Why are we so afraid of spiders?

It's beyond my comprehension if fear of spiders is something we are born with (innate) or something we learn (conditioning).  I suspect, as with most complicated topics, it's a little of both.  There is a wealth of technical and non-technical writing on the subject.  Another possibility is that it is the media’s fault!    Feel free to explore. 

I was intrigued to learn what makes spiders "scary" to so many people (up to 30% of the U.S. population may suffer from arachnophobia according to one source).  According to an old study of college students in London, spiders' most-fearsome characteristic was "legginess" followed by sudden and speedy movements, hairiness, and "crawliness."  Why would the addition of two more legs make spiders "leggier" than insects?

What About Spider Bites?

Spiders very rarely bite people and far less than is generally assumed. Most spiders are harmless to people and are incapable of biting, even when coaxed. "Spider bite" is a grossly overstated diagnosis and appears to be a euphemism for "unexplained skin irritation." Ambiguous symptoms such as redness, swelling, cramps, severe pain, or even necrotic lesions can be caused by other factors, including other diseases, medical conditions, and bacterial skin infections.  The venom of all but a very few spiders is not dangerous. On the rare occasions where a spider bite is medically significant, the wound gets infected, the same as any other puncture wound.

Of particular concern is attempting to identify "spider bites" by comparison to images on the internet.  Posted pictures of "spider bites" are usually wrong, and because of individual body reactions, no one can identify a spider bite from skin irritation.  What most often passes for a "spider bite" is rarely caused by a spider but is much more likely to be due to any of dozens of other causes. Unless you see a spider in the act of biting you, don't assume that a spider caused a wound.  As an example, read how MRSA is misdiagnosed as brown recluse spider bites.   Or see this lengthy review about how spider bites are over-rated.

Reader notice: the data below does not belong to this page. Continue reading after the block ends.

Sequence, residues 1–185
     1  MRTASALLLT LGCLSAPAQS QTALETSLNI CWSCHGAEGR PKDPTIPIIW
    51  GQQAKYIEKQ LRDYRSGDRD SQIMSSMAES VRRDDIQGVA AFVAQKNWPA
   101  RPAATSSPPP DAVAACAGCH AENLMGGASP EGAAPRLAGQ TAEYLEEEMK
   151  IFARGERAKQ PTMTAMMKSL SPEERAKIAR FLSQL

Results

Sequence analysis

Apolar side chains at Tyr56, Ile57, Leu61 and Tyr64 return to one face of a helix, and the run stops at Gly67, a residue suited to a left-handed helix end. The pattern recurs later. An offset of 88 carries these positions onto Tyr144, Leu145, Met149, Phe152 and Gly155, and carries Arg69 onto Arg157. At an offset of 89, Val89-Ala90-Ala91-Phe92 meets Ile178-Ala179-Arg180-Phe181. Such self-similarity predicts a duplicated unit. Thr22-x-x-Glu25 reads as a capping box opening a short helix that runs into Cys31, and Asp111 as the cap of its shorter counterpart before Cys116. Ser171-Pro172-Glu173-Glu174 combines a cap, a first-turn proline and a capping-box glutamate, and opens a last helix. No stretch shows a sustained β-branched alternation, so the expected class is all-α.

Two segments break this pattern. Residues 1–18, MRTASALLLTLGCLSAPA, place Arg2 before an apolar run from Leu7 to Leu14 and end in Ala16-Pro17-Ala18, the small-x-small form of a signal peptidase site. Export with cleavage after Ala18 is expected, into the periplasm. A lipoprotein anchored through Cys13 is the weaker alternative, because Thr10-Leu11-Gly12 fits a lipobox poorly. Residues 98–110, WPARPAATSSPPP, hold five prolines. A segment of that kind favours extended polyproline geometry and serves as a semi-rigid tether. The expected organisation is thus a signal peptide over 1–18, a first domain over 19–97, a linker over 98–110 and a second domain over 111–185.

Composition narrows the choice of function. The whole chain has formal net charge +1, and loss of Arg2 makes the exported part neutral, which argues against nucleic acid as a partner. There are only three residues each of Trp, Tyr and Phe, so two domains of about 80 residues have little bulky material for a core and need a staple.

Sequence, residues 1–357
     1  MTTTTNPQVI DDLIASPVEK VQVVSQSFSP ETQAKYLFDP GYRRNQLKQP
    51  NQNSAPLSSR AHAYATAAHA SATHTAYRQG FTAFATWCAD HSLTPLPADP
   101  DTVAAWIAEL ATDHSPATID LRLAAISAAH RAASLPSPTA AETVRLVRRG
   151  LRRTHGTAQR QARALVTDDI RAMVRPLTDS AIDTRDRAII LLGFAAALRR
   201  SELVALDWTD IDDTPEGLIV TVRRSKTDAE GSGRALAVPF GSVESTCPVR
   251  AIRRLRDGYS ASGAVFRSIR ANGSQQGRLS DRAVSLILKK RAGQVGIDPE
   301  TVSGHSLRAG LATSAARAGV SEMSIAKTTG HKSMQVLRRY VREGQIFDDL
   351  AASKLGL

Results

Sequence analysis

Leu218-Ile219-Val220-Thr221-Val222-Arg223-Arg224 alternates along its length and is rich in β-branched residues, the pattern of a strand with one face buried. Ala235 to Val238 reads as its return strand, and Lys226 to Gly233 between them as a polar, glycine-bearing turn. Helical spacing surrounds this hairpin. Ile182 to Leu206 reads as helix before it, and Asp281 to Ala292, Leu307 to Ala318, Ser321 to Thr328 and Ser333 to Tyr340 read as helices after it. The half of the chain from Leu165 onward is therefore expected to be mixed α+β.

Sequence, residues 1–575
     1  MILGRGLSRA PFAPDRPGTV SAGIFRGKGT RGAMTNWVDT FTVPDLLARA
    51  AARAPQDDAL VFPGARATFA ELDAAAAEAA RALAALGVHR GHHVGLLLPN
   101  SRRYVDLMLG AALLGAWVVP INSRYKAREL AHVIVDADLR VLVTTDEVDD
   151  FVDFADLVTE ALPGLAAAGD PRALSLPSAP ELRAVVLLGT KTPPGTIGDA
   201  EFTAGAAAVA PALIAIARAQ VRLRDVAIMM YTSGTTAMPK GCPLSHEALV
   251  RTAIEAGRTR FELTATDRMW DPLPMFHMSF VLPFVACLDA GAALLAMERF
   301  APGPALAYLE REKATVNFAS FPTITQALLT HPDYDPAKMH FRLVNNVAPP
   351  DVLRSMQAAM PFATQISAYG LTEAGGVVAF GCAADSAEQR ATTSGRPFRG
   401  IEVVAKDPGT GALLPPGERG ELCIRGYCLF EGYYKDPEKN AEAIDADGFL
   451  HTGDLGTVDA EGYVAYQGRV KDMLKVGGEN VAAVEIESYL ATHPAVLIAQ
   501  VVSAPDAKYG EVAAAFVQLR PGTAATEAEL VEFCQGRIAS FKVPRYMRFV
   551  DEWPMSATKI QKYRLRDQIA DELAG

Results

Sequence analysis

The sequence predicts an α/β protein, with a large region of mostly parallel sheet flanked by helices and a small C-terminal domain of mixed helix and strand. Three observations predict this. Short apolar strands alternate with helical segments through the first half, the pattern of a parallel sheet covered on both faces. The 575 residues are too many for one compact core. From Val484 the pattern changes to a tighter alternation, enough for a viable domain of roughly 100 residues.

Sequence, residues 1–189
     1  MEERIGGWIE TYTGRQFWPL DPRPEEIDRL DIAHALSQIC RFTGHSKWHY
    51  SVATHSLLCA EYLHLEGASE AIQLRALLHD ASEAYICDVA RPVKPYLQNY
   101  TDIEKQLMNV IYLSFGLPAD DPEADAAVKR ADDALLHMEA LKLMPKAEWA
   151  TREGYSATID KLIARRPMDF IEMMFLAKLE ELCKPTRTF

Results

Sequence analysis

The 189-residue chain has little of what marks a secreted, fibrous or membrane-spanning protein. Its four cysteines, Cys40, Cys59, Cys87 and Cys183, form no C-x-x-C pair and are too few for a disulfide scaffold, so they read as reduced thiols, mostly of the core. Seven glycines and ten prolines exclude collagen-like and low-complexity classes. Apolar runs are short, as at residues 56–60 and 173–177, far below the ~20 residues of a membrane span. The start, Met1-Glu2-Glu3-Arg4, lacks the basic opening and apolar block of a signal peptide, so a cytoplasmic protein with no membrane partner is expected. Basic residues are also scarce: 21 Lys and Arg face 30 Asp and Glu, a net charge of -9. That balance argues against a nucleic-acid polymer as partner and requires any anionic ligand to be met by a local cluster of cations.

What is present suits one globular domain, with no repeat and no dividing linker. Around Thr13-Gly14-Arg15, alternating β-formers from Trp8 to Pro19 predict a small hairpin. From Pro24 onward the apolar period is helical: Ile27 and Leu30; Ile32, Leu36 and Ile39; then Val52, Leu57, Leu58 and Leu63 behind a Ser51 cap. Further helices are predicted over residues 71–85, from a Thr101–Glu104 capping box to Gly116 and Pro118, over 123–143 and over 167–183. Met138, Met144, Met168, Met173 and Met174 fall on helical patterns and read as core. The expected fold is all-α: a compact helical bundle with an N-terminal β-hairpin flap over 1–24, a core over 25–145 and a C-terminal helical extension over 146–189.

Do you swallow spiders while you sleep?

Most certainly not.  The myth that the average person swallows eight spiders per year has persisted for much longer than you would expect for an item of such nonsense.  As stated by Snopes.Com over 19 years ago, This "statistic" that the average person swallows eight spiders per year "was not only made up out of whole cloth, it was invented as an example of the absurd things people will believe simply because they come across them on the Internet."


Links to this article are strongly encouraged, and this article may be republished without further permission if published as written and if credit is given to the author, Yard and Garden, and Iowa State University Extension and Outreach. If this article is to be used in any other manner, permission from the author is required. This article was originally published on October 16, 2020. The information contained within may not be the most current and accurate depending on when it is accessed.